Let’s face it, there is no easy road to follow when talking about transportation. Event organizers face a trifecta of transportation constraints: permanent infrastructure, semi-permanent infrastructure, and temporary transit solutions – with only the latter in the full control of the event organizer.
One reason to select a LEED certified venue or neighborhood (yes, they have those too), which I spoke briefly to in Part 4, is LEED developers often gain points toward certification by ensuring access to and support for public transit. This means LEED buildings are often located near infrastructure such as rapid transit hubs or bus stations, have pedestrian-accessible sidewalks, and include showers for employees commuting by bike (or a crowded subway). A sporting event with many visitors, like a large office, requires a lot of logistical thinking around transportation. Choosing a venue located near rapid transit, and where visitors can walk and/or bike is the first option for those looking to green transportation.
Not all organizers have the power to choose their venue, however, and if you’re hosting anything other than the Olympics you likely won’t be funding the construction of a new subway line anytime soon. However, if the event is recurring – say, a yearly or seasonal competition at a downtown convention center or university campus – you may be able to work out semi-permanent infrastructure solutions. Universities do this all the time, of course. Colleges across the country have influenced city governments to move bus-stops to roads near football fields and performance centers, increasing mobility of visitors and athletes. They have also partnered more recently with companies such as Zip Car, to provide vehicle time-sharing options to commuters.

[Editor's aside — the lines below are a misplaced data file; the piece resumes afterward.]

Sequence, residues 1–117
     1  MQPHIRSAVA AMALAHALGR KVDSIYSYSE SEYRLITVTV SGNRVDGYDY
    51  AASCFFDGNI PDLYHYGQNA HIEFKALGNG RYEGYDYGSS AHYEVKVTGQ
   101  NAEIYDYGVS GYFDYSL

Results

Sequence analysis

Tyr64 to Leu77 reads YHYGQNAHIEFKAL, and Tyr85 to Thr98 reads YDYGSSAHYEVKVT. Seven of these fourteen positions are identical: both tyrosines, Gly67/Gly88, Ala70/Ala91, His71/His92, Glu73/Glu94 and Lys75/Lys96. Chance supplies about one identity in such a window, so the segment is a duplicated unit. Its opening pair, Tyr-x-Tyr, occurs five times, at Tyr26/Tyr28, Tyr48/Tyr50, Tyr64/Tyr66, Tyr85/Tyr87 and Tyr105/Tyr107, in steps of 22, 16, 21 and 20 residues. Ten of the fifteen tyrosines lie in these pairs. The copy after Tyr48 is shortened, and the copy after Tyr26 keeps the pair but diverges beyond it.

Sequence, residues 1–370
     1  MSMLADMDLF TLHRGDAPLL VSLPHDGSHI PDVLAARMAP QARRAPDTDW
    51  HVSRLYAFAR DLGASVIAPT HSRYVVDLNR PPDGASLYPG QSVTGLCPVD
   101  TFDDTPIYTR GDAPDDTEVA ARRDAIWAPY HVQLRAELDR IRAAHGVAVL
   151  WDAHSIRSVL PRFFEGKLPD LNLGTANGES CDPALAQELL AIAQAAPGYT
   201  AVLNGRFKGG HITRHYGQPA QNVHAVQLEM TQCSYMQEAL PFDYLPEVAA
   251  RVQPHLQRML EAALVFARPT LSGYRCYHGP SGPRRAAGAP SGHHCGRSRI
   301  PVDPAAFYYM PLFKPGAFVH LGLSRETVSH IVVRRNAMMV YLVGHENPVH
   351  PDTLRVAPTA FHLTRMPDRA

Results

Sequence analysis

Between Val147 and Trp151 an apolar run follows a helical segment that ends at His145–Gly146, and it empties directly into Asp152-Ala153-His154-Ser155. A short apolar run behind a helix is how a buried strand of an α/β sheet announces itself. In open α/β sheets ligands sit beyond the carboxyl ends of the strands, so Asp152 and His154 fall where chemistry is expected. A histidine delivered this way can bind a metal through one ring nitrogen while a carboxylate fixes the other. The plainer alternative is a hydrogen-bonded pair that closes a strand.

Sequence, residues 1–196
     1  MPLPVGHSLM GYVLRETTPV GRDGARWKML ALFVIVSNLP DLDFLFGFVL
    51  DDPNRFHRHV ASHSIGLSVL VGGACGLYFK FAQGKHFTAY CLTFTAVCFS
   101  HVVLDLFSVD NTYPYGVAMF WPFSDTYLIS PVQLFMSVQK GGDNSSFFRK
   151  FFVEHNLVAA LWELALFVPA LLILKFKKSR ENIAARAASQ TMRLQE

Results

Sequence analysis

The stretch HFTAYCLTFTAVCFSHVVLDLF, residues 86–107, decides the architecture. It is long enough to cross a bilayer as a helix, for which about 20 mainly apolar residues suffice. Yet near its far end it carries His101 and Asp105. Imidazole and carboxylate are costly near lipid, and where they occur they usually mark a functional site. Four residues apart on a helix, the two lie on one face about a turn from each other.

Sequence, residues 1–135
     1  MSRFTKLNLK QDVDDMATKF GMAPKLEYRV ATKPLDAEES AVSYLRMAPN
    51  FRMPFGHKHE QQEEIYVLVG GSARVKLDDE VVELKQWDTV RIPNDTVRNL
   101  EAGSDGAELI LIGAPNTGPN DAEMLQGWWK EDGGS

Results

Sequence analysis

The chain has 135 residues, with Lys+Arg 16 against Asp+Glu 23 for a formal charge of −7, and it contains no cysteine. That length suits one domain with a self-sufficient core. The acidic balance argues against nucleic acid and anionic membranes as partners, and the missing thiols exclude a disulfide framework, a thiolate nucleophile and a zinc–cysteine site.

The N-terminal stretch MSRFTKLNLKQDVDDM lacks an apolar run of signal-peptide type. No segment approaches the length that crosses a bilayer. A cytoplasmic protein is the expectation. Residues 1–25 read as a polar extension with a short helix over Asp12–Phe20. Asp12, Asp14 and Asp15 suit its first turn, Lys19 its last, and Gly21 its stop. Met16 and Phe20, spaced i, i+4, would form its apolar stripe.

Don’t bow your head in dismay if the above options are unavailable to you. Hosting a one-time event on a sub-Olympian budget? Temporary infrastructure is perhaps the most important solution. Work with your city/municipal government, and they can guide you in locating bicycle racks, providing increased security measures (for bicyclists and pedestrians), and drawing visitor maps outlining directions by foot or bicycle. If you are impacting a significant portion of the local municipality, you may be able to reroute a city bus to provide a temporary transit solution. Lastly, many event organizers capitalize on motorcoaches (which can save 64% of fuel compared to driving the same distance), old school busses, or encourage athletes to carpool the day of the event. (The downside to motorcoaches is their singular departure and arrival schedules, when visitors may want to arrive and depart at various times throughout the event).
Prices for providing public transportation do not have to be outrageous. However, there will be a cost, and more non-drivers means less revenue from the parking lots. One option would be to include the cost of bus or transit in the ticket price. While raising the cost of admission, this has the positive effect of not making the consumer feel extorted by making an additional payment for transit or parking. Another option is to charge for personal parking based on number of occupants in the vehicle. Besides encouraging friendly socializing and tailgating, if fewer parking spaces are needed overall, there might be more room left for selling those pre-game hot dogs.